Crude and non-stainless alloy steels account for the majority of steel alloy demand, underpinned by the consumption of bulk alloys manganese and silicon. Chromium and nickel, in contrast, are fundamentally driven by stainless steel. Primary alloy consumption in steel is on the brink of breaching the US$100Bn mark over the mid-2020s.
On a market value basis, the stainless steel industry accounted for the clear majority of the value of alloys consumption in 2020. The high value of nickel in particular supports the significant focus on secondary scrap consumption, which itself is the fourth-largest value “alloy” (Cr and Ni) sourced in the industry after primary FeMn, FeNi and FeCr.
Looking at only primary raw material consumption, stainless steel accounted for 45% of the market value in 2020, up from 37% a decade ago. Over the 2020s, Roskill forecasts that the majority of the growth for steel alloys is projected in the stainless steel industry, both in terms of volume and value.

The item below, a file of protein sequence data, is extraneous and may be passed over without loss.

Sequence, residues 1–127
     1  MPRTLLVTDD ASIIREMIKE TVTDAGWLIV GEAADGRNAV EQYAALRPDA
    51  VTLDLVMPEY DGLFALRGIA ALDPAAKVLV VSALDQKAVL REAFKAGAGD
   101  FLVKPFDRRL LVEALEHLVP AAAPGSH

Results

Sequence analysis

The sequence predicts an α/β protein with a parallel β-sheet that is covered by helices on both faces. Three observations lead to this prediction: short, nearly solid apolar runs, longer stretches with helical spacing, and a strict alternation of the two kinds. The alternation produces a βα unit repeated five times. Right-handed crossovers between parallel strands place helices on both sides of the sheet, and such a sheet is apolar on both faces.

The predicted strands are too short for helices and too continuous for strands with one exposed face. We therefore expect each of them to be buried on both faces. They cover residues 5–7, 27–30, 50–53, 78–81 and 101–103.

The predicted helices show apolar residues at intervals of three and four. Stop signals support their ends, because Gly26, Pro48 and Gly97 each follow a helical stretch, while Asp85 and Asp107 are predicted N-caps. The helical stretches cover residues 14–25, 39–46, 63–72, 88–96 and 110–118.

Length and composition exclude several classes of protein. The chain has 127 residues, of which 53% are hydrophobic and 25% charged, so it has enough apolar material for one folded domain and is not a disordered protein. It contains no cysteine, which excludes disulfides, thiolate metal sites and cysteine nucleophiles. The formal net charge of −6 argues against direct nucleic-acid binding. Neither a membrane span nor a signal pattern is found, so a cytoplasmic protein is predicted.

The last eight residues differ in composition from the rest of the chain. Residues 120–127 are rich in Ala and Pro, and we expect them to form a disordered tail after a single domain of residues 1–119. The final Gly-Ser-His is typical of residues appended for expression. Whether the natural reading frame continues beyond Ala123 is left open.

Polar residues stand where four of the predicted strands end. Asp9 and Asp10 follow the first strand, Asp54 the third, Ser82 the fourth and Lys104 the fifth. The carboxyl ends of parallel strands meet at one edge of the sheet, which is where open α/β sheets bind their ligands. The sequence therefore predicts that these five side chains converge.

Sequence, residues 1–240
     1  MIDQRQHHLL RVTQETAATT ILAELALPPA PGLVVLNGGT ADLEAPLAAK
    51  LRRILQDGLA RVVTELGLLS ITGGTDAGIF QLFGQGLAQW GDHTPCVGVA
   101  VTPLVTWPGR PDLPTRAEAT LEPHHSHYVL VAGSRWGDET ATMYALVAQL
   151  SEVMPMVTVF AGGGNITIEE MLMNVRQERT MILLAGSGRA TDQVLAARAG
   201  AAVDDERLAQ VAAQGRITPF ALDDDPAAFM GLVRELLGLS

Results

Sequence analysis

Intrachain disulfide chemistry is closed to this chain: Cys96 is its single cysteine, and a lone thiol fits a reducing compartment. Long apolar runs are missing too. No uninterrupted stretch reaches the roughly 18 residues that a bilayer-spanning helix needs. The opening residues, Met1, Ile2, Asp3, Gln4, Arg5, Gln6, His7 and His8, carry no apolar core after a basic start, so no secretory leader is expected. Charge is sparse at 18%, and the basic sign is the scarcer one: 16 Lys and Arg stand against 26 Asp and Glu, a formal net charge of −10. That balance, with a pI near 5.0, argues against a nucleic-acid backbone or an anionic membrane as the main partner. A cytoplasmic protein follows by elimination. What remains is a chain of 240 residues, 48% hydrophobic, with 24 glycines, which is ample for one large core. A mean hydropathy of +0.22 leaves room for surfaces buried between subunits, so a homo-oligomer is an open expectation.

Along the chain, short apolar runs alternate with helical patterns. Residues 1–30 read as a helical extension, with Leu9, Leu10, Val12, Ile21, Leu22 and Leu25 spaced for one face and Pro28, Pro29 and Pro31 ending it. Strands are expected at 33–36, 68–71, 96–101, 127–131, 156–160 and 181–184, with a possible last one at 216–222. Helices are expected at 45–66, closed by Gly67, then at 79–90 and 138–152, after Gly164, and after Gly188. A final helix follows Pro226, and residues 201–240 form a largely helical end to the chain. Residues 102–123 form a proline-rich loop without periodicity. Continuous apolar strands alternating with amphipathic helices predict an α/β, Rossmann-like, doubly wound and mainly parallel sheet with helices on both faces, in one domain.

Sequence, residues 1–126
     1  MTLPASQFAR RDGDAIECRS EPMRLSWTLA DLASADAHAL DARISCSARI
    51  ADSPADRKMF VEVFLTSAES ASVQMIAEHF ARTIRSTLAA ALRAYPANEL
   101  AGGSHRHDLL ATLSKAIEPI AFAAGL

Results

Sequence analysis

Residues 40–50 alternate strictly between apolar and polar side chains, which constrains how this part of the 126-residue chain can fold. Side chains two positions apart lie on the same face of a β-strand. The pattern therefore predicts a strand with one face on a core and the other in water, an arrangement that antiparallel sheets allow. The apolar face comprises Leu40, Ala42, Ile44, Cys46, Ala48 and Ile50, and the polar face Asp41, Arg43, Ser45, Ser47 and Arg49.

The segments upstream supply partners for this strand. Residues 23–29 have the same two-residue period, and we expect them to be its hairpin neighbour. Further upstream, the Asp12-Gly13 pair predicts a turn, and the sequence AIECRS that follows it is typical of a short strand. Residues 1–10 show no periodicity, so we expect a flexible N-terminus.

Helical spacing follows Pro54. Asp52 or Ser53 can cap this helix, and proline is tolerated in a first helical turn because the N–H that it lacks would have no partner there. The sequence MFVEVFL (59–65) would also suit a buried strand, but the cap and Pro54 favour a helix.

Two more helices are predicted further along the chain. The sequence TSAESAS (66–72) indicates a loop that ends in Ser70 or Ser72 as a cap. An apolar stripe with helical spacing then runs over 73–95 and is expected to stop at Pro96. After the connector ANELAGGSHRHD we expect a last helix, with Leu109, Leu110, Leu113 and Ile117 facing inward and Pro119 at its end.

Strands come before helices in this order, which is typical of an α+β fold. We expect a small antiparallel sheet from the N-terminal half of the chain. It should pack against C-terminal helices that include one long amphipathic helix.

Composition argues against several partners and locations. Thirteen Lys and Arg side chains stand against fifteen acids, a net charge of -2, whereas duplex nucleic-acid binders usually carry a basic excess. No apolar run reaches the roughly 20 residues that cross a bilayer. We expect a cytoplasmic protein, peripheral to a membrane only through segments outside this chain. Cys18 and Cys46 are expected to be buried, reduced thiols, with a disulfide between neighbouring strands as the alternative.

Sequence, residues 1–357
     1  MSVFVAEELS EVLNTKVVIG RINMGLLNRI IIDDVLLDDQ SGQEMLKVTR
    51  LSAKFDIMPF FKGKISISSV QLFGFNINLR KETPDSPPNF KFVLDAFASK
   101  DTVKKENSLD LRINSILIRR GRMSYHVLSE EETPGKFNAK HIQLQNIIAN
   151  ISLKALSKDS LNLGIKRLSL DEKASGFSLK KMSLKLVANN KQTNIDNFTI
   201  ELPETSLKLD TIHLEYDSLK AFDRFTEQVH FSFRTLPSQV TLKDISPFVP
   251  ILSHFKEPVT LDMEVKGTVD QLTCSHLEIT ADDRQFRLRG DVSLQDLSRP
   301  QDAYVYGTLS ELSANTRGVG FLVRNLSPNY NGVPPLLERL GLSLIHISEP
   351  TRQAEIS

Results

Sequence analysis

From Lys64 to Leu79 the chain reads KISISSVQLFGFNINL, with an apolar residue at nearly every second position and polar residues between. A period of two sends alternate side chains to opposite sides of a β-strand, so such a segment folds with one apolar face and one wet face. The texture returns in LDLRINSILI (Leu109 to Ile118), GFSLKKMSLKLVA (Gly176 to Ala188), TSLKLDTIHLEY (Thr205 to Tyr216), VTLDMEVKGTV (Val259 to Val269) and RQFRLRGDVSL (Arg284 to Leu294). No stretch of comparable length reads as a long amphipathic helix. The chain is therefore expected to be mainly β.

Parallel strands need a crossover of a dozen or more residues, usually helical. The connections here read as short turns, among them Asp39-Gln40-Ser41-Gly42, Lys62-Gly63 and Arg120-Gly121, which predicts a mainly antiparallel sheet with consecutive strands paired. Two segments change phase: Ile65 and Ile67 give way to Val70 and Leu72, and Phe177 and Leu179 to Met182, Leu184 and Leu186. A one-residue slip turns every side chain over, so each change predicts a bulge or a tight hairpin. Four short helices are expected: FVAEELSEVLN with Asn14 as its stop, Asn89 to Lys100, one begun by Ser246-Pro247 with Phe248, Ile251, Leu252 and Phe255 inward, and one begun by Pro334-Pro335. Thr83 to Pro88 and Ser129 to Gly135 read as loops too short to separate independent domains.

Despite lockdowns and interruptions to supply chains, over the course of 2020, prices of steel alloys fluctuated largely within 10% of the monthly December 2019 price, except for nickel which dropped both above and below that range over the course of the year.
Price rises for all alloys picked up pace in December and into January 2021 with ferrosilicon leading the pack, while ferroniobium was the only alloy to remain below its December 2019 price at the close of the year.
Regionally, the alloy prices in China, which accounts for over half of global crude and stainless steel production, remained relatively flat compared to the western markets, which experienced significantly elevated prices over Q2 2020, as the COVID-19 outbreak caused lockdowns and suspensions in these regions.
Looking forward, a synchronised accelerated recovery in 2021, translating into a sharp rebound in steel production globally, would benefit both bulk and noble alloys.